Rosa, a cancer research nurse originally from Spain, has worked at the Christie hospital for five years. She said, “People are finding it more difficult to get GP (general practitioner) appointments, and referrals to a consultant through GPs… The earlier cancer is caught, the more chance there is of getting rid of it.

Condemning the fact that at the start of the pandemic the elderly were discharged from hospitals without being tested for COVID, Rosa said, “During COVID, social care nurses with a lot of responsibility, who are paid very little, got infected and died.”

Christie’s nurse Hanna said, “The strike is about a lot more than just pay. Right now the wards are at breaking point. We’re coming back from shifts feeling anxious about leaving patients on an unstaffed ward. We’re staying behind late because there’s no staff to hand over to. And we don’t have time to give the care that we want to. I’m continually ticking off the set jobs that I have, which means that I don’t have time to sit down with patients.”


Retired Spanish and psychology teacher Frederick, who came to England from Chile 46 years ago, joined the nurses' picket outside the Christie. He was accompanied by his daughter, a civil servant, who was on strike Wednesday over pay and conditions. He said, “The European countries and the UK are sacrificing their health services and the economy in order to support the geopolitical objectives of the US in the war against Russia in Ukraine, to support the crumbling hegemony of the US in the world. The war began because NATO and the US were gradually surrounding Russia. Russia felt threatened and was provoked into war… The US doesn't want a competitor, Russia, in its main arena.”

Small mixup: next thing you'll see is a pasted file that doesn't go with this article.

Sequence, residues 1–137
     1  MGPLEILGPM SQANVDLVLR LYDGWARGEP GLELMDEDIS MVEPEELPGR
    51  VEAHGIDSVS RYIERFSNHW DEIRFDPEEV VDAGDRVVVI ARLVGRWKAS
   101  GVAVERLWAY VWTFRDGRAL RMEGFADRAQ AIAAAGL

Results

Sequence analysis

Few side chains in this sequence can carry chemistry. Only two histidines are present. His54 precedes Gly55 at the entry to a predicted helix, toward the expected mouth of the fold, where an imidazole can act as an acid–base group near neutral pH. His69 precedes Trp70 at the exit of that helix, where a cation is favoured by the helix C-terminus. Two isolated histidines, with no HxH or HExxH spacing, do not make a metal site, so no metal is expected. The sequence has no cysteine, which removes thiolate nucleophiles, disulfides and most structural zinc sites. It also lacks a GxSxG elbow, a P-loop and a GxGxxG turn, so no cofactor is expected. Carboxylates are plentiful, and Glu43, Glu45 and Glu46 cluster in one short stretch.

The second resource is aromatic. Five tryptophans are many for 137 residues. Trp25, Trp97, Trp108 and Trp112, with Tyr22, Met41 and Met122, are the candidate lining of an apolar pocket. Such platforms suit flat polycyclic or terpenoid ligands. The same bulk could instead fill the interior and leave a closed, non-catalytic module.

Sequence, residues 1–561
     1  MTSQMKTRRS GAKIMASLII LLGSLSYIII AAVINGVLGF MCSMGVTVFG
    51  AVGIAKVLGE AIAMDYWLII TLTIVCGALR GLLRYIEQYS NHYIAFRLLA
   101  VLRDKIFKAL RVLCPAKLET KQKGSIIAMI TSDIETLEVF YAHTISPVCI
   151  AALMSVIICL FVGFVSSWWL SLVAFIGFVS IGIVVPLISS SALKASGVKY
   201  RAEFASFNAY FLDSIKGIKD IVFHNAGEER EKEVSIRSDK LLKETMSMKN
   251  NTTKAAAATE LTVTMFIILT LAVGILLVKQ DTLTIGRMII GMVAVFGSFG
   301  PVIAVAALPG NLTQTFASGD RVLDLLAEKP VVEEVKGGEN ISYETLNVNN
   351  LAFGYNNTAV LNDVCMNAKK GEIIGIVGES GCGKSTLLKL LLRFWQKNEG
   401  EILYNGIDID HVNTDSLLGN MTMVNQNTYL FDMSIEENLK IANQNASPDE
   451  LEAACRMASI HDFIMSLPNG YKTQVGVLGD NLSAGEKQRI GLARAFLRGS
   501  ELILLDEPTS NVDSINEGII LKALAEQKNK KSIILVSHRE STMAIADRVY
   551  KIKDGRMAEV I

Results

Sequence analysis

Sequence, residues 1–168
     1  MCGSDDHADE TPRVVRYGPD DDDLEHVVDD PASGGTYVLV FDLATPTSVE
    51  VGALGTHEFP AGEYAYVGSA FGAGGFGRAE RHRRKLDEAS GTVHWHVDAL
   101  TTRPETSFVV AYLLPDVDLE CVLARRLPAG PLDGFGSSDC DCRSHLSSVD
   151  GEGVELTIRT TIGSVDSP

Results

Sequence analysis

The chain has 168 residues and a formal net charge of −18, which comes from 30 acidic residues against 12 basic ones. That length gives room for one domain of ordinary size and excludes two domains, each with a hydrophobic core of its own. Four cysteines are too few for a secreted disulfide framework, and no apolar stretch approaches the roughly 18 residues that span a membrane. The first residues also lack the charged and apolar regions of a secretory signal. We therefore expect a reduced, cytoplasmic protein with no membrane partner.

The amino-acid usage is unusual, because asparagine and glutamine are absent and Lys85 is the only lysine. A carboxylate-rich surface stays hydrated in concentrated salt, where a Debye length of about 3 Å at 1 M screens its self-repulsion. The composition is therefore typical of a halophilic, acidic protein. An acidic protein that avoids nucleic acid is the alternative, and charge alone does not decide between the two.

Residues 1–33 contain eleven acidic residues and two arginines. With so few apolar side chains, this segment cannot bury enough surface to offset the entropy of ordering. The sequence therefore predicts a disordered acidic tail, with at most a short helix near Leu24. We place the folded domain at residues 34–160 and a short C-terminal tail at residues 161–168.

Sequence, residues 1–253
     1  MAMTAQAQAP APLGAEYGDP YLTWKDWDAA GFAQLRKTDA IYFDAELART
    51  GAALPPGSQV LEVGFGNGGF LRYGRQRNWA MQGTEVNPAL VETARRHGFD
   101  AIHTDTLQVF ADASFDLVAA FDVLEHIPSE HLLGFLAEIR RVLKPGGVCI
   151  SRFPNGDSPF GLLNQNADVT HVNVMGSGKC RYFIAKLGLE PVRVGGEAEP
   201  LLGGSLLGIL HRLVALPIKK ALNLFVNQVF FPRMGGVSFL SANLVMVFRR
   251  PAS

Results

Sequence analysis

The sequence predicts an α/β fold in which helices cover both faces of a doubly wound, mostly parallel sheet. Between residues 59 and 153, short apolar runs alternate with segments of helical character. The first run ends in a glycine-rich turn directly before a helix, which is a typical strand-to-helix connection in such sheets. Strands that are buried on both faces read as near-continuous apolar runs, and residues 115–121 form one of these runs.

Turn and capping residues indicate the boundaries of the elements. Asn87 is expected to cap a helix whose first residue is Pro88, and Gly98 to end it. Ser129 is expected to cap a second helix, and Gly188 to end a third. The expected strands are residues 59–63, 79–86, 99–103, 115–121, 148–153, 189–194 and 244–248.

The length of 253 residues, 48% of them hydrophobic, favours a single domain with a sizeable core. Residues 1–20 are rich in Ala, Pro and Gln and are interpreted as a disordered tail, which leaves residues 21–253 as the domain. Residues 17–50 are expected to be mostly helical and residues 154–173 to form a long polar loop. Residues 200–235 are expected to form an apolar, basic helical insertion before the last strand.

Carlos, a paramedic on strike in Bradford said, “We’ve had 10 to 13 years of austerity with cuts here there and everywhere. Ultimately pay is not our main issue, its working conditions. Pay over the last 10 years or so has gone down by 25 percent for ambulance staff. With inflation nowadays its affecting us massively. We’ve got staff here going to foodbanks and we’ve got our own foodbank here on station because staff can’t afford the basics; teabags, milk, bread, the simplest of things.


“We are losing so many staff in droves. Thousands of people are leaving the ambulance service and the NHS in general. Even the doctors are looking to strike. I think a general strike would make a big impact. All of us united.

“I believe they are out to break the working class like in 1984 with the miners’ strike and create divisions. I believe the NHS has been run down to bring about privatisation from hospitals to care homes. Literally everything has been outsourced at a greater cost.

“The unions aren’t what they used to be. Unfortunately, there’s been some intermingling between unions and governments and that happens in many other countries. The unions are more on the employers’ side rather than the workers.”

Jess, a staff nurse at Bradford Royal Infirmary said, “Loads of nurses are leaving and I was really lucky because I was in the last cohort of nurses who got a bursary to train. But now to have £27,000 in debt from tuition fees alone let alone expenses that go alongside, that it’s just not feasible. You’ve got a £27,000 per year starting rate. There needs to be some incentive to do the training.